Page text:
It's the band's tenth studio album and they feel good about it. It's tight, efficient and capitalizes on the jam aspects of the band, which they were able to map out well in the studio while still giving themselves plenty of room to improvise on stage. They are not softening. The play is more solid.
“Overall, we wanted the album to pick up the pace a little bit,” says bassist Dan Maines. “Songs developing at a faster tempo led to a very straightforward songwriting approach.”
Some of it is even indirectly influenced by Motorhead and Thin Lizzy. It was while touring with those bands that Clutch began to understand the dynamics of timeless heavy rock and apply it to their own experiences. According to guitarist Tim Sult, the songwriting happened around both tours and influences from both bands sank into the writing.
"Maybe people expected us to go more acoustic or bluesy, but this album showcases a riffs-in-your-face kind of style," Sult said. "These songs ended up being faster and a bit more rocking."
Although plenty of attention has been lauded on Earth Rocker, the title track and leader off the 11-track album is laid back in comparison to much of the album. But even if it does sound like a warmup, it still sets the tone of the album. Lyrically, Earth Rocker is all about the band but also dares people to take charge of their lives too. Nobody needs validation from someone else.
Earth Rocker is a straight up solid song, but didn't excite me when it was released as a single. The rest of the album is different. After Earth Rocker, Crucial Velocity knocks it up another gear and the band finds exactly what they want the album to be by Mr. Freedom.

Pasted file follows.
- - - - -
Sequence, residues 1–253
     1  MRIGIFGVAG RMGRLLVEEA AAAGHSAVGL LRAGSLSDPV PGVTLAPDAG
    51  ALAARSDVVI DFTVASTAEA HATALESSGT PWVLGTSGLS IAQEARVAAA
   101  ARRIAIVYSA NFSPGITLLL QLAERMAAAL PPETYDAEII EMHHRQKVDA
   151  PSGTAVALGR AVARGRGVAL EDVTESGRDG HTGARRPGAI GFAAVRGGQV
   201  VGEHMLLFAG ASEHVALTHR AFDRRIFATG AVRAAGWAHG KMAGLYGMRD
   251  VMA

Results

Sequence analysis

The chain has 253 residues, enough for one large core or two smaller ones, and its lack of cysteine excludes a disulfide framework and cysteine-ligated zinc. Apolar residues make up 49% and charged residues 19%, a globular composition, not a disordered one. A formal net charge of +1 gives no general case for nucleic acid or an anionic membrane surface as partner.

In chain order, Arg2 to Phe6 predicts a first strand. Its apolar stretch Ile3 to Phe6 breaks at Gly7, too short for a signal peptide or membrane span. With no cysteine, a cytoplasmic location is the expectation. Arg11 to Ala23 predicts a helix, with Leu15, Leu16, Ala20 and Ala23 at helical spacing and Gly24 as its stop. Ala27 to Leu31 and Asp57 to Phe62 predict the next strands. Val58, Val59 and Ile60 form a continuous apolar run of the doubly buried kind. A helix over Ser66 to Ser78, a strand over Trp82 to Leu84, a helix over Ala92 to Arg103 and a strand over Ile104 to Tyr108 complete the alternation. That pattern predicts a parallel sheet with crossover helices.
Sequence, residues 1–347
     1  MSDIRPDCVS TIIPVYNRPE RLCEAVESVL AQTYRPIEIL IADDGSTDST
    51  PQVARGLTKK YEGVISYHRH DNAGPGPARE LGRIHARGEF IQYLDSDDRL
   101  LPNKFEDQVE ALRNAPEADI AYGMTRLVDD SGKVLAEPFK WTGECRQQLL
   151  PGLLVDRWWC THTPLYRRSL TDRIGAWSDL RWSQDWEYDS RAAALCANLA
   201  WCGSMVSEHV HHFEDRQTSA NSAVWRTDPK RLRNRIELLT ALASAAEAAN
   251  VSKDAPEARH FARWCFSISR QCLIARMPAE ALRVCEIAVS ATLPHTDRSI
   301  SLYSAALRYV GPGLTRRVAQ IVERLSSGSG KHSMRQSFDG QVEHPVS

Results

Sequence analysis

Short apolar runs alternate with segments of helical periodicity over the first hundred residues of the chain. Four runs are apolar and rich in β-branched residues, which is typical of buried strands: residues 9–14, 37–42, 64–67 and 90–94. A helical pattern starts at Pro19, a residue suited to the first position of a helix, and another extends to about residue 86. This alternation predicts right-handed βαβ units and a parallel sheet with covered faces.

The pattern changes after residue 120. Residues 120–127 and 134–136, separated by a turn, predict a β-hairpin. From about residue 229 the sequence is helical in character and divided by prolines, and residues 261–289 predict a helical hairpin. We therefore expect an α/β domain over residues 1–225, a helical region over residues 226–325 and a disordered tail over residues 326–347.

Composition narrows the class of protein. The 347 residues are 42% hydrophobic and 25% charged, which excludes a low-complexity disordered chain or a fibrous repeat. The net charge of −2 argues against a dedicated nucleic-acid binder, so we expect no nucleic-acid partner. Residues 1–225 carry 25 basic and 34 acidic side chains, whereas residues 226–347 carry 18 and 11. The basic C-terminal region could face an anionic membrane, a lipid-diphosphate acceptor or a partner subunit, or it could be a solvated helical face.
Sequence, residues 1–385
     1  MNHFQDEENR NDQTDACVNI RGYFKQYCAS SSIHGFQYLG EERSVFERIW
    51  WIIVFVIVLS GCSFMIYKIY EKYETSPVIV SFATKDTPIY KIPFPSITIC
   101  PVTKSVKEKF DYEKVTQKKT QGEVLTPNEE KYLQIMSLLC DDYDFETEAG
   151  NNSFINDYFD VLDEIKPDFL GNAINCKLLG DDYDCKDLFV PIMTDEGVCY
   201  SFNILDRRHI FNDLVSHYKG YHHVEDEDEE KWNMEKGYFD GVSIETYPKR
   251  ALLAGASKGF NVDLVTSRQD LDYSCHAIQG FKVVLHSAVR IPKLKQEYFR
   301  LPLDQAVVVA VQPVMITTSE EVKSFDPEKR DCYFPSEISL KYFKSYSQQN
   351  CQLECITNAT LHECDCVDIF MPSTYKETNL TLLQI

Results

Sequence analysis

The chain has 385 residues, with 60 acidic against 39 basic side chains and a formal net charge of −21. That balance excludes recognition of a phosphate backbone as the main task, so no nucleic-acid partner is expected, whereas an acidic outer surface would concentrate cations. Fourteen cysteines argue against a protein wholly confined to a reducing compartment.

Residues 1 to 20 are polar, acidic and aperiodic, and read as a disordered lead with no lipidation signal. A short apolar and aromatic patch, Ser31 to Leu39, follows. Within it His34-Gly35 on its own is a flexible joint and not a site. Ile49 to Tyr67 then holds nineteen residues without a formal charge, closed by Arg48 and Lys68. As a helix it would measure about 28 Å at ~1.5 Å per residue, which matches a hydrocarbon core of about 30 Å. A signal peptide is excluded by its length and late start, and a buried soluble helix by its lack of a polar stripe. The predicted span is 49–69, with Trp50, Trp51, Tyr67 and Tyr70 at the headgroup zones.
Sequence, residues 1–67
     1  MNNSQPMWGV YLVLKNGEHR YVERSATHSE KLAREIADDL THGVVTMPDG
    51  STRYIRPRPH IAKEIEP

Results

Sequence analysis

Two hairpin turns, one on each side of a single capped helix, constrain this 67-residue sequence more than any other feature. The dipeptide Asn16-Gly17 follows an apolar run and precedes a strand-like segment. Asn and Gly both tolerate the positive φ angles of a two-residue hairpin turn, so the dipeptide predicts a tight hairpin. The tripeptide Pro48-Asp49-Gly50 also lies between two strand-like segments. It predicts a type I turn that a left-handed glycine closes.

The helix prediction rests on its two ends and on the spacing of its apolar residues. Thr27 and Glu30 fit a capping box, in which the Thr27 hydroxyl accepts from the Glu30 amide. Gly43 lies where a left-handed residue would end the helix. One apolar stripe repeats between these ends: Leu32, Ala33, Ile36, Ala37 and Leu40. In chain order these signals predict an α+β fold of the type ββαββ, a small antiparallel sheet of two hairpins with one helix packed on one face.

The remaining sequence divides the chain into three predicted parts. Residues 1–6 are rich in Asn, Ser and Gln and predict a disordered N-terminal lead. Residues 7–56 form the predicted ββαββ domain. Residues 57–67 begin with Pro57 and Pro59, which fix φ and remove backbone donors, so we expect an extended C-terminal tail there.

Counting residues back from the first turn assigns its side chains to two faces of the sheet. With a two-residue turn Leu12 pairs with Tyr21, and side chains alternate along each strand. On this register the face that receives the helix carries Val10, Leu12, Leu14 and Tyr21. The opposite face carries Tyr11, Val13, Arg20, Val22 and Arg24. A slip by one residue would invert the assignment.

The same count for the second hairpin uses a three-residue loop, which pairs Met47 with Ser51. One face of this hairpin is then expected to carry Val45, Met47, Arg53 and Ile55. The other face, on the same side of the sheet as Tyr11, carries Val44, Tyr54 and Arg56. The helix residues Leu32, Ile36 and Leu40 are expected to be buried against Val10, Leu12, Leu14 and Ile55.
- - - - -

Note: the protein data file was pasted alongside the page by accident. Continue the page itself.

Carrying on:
Mr. Freedom is an anti-political riff-heavy track that strikes at citizen pandering and propaganda, people who exploit tragedy with legislation and empty promises. Clutch won't have any of it. And if you don't believe it, then D.C. Sound Attack smacks of sounds that any Earth Rocker fan will be familiar with and showcases drummer Jean-Paul Gaster's lock-tight percussion.
The rest of the album chugs along at an ever-increasing furious stride, with bits of riffs and solos tucked deep inside most songs. One of the few exceptions is the bluesy brooder Gone Cold. It's there that Clutch drops everything down with a drawn out weariness that takes advantage of the smokiness in singer Neil Fallon's voice.
Earth Rocker is an amazingly timeless jam-heavy dream.
While some people might find The Face a bit stronger overall, it's songs like Oh, Isabella that give Earth Rocker an instant classic heavy metal feel. But that's not to say there is anything missing from The Face. It's one of many (if not all) must-have tracks off the album. Its climatic finish is perfect.
All in all, the crazy thing about the album is that it feels grounded without much of a theme or center. It's mostly tied to dreams and visions, but most of it skips along time and space with bits of the past, present, and future all interwoven — from medieval halberds to present-day politics to robot loves.
Fallon has said that the biggest difference in the recording session this time was that they didn't shy away from last minute overdubs. On the contrary, they had fun with them. The spontaneity of it breathed new life into several tracks before the deadlines caught up with them. It's also tighter and faster than any album before it, proving that this band has no intention of slowing down.
Released by the band's label, Weathermaker Music, Earth Rocker doesn't disappoint. The best of the album follows the first two tracks, but the album is worth every inch. Earth Rocker is up on Amazon. You can also find it on vinyl at Barnes & Noble or download it from iTunes. Clutch is already on tour, playing the West Coast in March. Show listings can be found on Facebook.